"The soul too close to the skin, so near the surface that you can see the joins."

    I cried so hard reading this - such a beautiful/difficult image of your tiny, fragile daughters. For months after Emma died, I couldn't bear to look at pictures of living babies but I would stare at the pictures of dead babies on blogs and forums. I was particularly drawn to preemies too (even though that wasn't my experience). Something about their incredible, fragile beauty just held me - maybe it was this - their souls too close to their skin.

  5. Beautiful, beautiful. Well done. Fuck 'people', you take the beauty back. I know you mean it.
    I LOVE this will be taken care of...

  6. yes, yes, yes.

    i think i could have written this same post, though certainly not as beautifully. im so glad i found you. and im so sad that it had to be under these circumstances.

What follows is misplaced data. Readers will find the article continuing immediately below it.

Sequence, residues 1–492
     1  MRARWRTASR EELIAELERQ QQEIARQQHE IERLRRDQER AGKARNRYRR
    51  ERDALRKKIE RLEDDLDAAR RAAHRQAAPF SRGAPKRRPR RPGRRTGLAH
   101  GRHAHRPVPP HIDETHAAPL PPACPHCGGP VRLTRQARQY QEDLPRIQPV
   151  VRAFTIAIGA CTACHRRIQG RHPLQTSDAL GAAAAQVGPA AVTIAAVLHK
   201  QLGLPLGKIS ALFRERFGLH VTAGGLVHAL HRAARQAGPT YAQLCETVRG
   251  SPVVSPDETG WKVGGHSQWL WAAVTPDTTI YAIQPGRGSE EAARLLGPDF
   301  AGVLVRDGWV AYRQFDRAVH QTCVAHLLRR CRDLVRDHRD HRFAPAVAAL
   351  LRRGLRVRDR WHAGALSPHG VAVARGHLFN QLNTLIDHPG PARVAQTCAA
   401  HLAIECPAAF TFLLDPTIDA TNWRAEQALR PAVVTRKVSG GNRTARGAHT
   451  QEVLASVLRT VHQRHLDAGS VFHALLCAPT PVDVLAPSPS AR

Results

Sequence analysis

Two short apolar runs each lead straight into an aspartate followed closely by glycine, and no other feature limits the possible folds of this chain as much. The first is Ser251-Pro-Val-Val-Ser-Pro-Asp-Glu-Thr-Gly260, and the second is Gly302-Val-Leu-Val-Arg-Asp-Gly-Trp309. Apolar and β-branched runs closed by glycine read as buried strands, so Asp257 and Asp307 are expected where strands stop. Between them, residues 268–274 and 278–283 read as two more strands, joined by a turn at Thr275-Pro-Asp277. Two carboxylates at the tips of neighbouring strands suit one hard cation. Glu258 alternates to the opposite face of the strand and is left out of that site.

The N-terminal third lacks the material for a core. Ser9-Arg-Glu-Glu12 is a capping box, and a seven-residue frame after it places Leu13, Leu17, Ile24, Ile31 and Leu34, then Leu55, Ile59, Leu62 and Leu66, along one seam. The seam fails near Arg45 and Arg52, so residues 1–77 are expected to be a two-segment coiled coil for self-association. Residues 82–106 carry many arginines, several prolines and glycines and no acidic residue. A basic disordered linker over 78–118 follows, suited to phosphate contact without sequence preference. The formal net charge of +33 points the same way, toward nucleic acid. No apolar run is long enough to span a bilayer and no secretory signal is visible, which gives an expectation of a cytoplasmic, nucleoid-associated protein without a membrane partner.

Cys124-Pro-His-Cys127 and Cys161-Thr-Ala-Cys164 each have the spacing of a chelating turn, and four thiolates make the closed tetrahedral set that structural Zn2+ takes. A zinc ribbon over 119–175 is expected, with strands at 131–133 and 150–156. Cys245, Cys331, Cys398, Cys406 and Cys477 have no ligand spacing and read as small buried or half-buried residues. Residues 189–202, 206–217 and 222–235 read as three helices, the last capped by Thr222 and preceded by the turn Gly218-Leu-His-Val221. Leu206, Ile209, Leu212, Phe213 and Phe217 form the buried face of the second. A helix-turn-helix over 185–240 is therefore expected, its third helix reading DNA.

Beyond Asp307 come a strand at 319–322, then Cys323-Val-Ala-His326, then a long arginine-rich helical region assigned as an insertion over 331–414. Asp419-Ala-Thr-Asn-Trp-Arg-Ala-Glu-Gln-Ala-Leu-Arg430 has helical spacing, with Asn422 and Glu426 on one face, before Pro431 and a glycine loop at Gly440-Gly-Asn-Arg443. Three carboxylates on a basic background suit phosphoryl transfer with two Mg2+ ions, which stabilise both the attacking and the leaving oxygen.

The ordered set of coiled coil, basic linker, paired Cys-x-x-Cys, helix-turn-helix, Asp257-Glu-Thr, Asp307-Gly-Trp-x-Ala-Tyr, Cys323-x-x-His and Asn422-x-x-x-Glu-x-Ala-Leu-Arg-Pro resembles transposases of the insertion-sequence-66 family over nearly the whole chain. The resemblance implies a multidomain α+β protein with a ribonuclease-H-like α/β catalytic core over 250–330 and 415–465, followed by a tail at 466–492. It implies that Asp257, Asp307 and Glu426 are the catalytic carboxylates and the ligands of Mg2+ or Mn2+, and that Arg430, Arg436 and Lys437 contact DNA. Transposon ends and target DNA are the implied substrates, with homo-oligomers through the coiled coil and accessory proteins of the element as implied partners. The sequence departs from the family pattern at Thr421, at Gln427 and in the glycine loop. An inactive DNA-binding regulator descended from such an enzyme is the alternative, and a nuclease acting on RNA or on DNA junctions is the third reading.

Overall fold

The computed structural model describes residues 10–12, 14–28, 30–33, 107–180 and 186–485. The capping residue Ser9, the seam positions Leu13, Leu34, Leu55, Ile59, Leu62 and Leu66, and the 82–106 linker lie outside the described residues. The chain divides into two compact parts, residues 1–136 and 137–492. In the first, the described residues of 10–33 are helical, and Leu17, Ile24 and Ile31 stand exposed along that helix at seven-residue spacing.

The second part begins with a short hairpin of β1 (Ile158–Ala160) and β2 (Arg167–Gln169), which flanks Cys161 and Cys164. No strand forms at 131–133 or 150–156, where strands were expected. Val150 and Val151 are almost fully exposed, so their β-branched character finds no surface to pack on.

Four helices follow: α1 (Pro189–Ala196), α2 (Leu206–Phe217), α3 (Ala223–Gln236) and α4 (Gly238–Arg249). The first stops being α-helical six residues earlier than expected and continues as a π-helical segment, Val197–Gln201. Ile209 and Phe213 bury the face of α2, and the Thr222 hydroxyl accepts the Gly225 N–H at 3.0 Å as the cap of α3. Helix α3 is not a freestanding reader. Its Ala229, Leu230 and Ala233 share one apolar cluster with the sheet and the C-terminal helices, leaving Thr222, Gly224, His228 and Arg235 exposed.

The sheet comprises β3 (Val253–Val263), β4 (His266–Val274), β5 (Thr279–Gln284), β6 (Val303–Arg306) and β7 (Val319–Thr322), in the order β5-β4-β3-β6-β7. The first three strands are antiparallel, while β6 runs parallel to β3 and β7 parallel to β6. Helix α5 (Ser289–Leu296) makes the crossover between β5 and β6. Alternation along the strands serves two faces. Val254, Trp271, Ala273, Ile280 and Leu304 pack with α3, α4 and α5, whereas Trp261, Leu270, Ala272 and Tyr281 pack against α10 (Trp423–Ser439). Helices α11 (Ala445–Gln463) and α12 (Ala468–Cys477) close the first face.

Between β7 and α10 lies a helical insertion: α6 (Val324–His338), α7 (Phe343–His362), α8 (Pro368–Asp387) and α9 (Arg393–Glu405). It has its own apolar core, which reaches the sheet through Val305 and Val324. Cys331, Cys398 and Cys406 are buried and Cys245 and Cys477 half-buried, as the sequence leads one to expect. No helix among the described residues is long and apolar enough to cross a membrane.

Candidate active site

i actually look at pregnant womens' bellies with such disdain that i catch myself and am embarrassed! maybe one day that will change, for now i have to live with my crazy.

    thinking of your Georgina tonight and thanks for the glimpse into how it all fell into place.

  7. Beautiful. You are so right that we are neither weak nor failures.

  8. Catherine, you are so right, about everything. So often I feel like a failure, and I remember feeling as though I had to ask to touch my baby. I remember when they told us that he had no brain function, yet they told us not to touch him too much, lest we disturb him. I did not know which to believe, but Im sure you can guess, that I chose not to touch him too much, lest I disturb him in his slumber.
    My love to you...

  9. Like Jeanette says, it really is amazing that any children are ever born. Let alone healthy living ones. There is SO MUCH that can go wrong.

    You did well. You did everything you could for your girls. You never would have chosen to hurt them. Like you say, you did a good job. So did they.